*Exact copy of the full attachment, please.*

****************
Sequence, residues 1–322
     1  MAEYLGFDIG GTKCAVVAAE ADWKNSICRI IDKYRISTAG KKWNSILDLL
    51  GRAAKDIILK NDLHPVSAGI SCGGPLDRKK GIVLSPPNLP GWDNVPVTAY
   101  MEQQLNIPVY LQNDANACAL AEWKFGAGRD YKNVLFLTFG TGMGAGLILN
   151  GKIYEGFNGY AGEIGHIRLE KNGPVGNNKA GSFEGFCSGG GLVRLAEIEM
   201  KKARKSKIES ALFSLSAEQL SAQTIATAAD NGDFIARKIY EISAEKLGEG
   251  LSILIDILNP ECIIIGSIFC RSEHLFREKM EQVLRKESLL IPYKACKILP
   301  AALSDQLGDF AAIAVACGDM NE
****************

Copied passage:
Sequence, residues 1–322
     1  MAEYLGFDIG GTKCAVVAAE ADWKNSICRI IDKYRISTAG KKWNSILDLL
    51  GRAAKDIILK NDLHPVSAGI SCGGPLDRKK GIVLSPPNLP GWDNVPVTAY
   101  MEQQLNIPVY LQNDANACAL AEWKFGAGRD YKNVLFLTFG TGMGAGLILN
   151  GKIYEGFNGY AGEIGHIRLE KNGPVGNNKA GSFEGFCSGG GLVRLAEIEM
   201  KKARKSKIES ALFSLSAEQL SAQTIATAAD NGDFIARKIY EISAEKLGEG
   251  LSILIDILNP ECIIIGSIFC RSEHLFREKM EQVLRKESLL IPYKACKILP
   301  AALSDQLGDF AAIAVACGDM NE